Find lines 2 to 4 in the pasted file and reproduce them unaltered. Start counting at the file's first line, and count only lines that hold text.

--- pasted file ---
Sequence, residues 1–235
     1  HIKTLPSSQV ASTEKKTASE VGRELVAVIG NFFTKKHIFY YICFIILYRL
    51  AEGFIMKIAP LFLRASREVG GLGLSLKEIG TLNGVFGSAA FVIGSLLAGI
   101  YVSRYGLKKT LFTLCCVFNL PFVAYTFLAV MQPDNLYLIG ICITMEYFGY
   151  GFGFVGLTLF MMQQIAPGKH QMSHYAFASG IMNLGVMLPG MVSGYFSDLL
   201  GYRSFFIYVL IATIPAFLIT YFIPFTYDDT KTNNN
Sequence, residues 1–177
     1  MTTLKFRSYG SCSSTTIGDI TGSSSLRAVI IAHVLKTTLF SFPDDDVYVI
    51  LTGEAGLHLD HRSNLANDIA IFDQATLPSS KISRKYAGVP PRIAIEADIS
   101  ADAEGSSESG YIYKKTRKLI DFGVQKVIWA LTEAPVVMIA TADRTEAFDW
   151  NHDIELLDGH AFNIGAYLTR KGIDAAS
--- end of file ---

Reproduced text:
     1  HIKTLPSSQV ASTEKKTASE VGRELVAVIG NFFTKKHIFY YICFIILYRL
    51  AEGFIMKIAP LFLRASREVG GLGLSLKEIG TLNGVFGSAA FVIGSLLAGI
   101  YVSRYGLKKT LFTLCCVFNL PFVAYTFLAV MQPDNLYLIG ICITMEYFGY